Utah County Birders Newsletter
Thursday, November 14th, 2013 - 7:00 PM
Dr. Randy Larsen from BYU and Maggie Peters, raptor biologist from Dugway Proving Ground, will give a two-part presentation on grebe migration and fallout and wildlife images captured by game cameras used in research projects on Dugway and other study sites in Utah.
Meet at 7:00 PM at the Orem Public Library - 58 North State Street, Orem. We meet downstairs.
December 12, 2013 at 7pm we will prepare for and hand out assignments for the Utah County Christmas Bird Count. Dennis Shirley will do a bird refresher and quiz on birds that could be seen during the count. All are welcome to the meeting and to join our annual Christmas Bird Count.
Meet at 7:00 PM at the Orem Public Library - 58
North State Street, Orem. We meet downstairs.
23 November, 2013 (Sat): It's Our Annual Loon Loop and Winter Ducks Field Trip! 7:30am- afternoon. Meet at the parking lot at the mouth of Provo Canyon. We will start by checking out Deer Creek reservoir, and depending on what's being seen we'll go from there. We may end up at East Canyon Reservoir or Antelope Island. Weather dependent. If the roads/weather are bad that morning the field trip leader may choose to bird closer to home.
2013 (Sat): Provo Christmas Bird Count
- This year the Provo Christmas Bird Count will be held on Dec 21st. We
will go over the areas and details at the Utah County Birders Meeting in
December. For more info contact Bryan Shirley -
[email protected] -
4 January, 2013 (Sat): Payson Christmas Bird Count - The Payson count will be on Jan 4. Great way to start the new year! For more info contact Bryan Shirley - [email protected] - 801-722-9346
November Captain’s Log: Hard Questions
by Keeli Marvel
Birders get asked hard questions occasionally. Things like…why birds? Or…how did you ever become the bird nerd you are today? I’ve been asked a few times what my “hook bird” was. Obviously this question only comes from other birders as non birders have no knowledge of this phenomenon until they experience it and become birders themselves. I have a very hard time with this one. I guess I don’t fall into the particular pattern of birder conversion. My hook bird was an entire semester of ornithology class filled with learning about bird anatomy, physiology, behavior, calls, and identification of birds. Following that semester, I was hooked. It really took a couple of years after that to get fully entrenched in the birding community, but I would definitely say that class was a defining point in my life as a birder. When I look back on that year, though, I don’t remember any bird particularly standing out.
Non birders will often ask me what my favorite bird is. When there’s a world full of birds I haven’t even seen yet, I have a very hard time choosing just one, and if you were to ask me twice, I’d probably give you a different answer each time. However, for the sake of writing an article this month, I’ve narrowed down my list of favorites to tell you about one I saw for the first time last year- the Great crested grebe. Imagine the love child of a Western/Clark’s Grebe and a Horned Grebe with a crazy hairdo, and you get the idea. The Great Crested Grebe is the largest grebe that occurs in Europe and is found throughout Europe and Asia with some reported breeding colonies in the southern hemisphere. The Royal Society for the Protection of Birds (RSPB) describes the Great crested grebe as “a delightfully elegant water bird with ornate head plumes”. Trust the British to make a bird sound refined and elegant! I like grebes in general, but they all seem kind of boring and pale in comparison to this species. While I’m comfortable claiming this as my current favorite species, all it would take to upset this species’ standing in my favorite bird ranking system would be a trip south of the Equator. The possibilities are mind boggling when I think about what my next favorite bird could be.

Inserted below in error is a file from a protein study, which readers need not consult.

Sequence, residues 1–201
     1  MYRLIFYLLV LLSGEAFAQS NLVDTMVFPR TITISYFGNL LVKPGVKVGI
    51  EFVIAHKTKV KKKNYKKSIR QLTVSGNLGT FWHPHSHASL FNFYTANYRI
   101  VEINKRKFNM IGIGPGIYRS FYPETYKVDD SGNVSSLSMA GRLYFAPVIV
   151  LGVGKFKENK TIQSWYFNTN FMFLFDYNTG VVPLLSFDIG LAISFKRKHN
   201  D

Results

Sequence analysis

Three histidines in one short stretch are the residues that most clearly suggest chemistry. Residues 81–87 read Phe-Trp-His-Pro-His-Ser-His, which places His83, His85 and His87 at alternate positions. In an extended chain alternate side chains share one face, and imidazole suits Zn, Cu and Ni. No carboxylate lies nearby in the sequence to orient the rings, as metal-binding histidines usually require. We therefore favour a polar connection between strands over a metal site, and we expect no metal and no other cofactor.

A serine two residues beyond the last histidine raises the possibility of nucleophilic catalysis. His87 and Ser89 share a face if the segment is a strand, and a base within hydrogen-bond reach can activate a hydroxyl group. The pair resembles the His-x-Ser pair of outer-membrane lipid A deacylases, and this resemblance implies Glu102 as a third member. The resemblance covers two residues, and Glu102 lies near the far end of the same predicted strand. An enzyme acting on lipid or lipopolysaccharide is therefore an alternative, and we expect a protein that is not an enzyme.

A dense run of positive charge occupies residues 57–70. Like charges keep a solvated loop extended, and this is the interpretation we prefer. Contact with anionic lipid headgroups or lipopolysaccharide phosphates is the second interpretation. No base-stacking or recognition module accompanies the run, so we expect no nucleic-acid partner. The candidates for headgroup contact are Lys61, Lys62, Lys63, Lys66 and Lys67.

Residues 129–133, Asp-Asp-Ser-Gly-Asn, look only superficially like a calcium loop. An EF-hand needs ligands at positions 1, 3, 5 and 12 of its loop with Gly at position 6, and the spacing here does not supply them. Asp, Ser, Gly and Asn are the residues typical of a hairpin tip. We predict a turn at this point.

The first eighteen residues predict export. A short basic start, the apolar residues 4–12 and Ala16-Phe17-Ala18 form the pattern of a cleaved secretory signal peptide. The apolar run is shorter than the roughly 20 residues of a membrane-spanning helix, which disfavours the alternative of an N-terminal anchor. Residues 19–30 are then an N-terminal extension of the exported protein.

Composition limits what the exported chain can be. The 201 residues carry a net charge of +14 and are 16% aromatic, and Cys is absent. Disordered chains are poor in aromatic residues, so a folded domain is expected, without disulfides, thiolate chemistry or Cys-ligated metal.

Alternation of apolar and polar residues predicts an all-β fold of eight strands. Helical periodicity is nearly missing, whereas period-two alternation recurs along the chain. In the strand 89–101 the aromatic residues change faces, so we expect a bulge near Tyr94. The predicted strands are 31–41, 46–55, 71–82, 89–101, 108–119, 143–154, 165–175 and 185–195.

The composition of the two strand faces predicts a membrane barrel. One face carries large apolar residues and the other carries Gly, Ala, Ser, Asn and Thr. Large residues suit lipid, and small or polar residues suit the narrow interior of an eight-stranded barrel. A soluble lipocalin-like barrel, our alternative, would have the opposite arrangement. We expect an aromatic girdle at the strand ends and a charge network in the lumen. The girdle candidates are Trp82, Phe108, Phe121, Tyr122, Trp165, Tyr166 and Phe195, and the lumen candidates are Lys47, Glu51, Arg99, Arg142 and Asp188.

That brings me neatly to the next hard question: If you could see any bird in the world, what would it be? There are so many bird species out there of whose existence I’m not even aware of (and which I’m sure are equally ignorant of my existence as well) that you would think this question would be equally hard for me to answer. Surprisingly, it’s not. For whatever reason, my ultimate life bird species I would like to see is penguins – any penguin species – in the wild. At some point in my life, I would like to see penguins in the wild. I’m fascinated by them. I recently attended a presentation at the American Ornithologists’ Union Conference in Chicago where a researcher from the Smithsonian discussed his work on pigment in penguin feathers. Surprisingly, the yellow pigment found in penguin feathers is structurally and chemically completely unlike any other known yellow pigments found in birds. To put it another way, there are several processes/means by which birds produce yellow feather pigment, and penguins do it completely differently than everyone else. This is mind boggling! The more I learn about them, the more fascinating I think they are.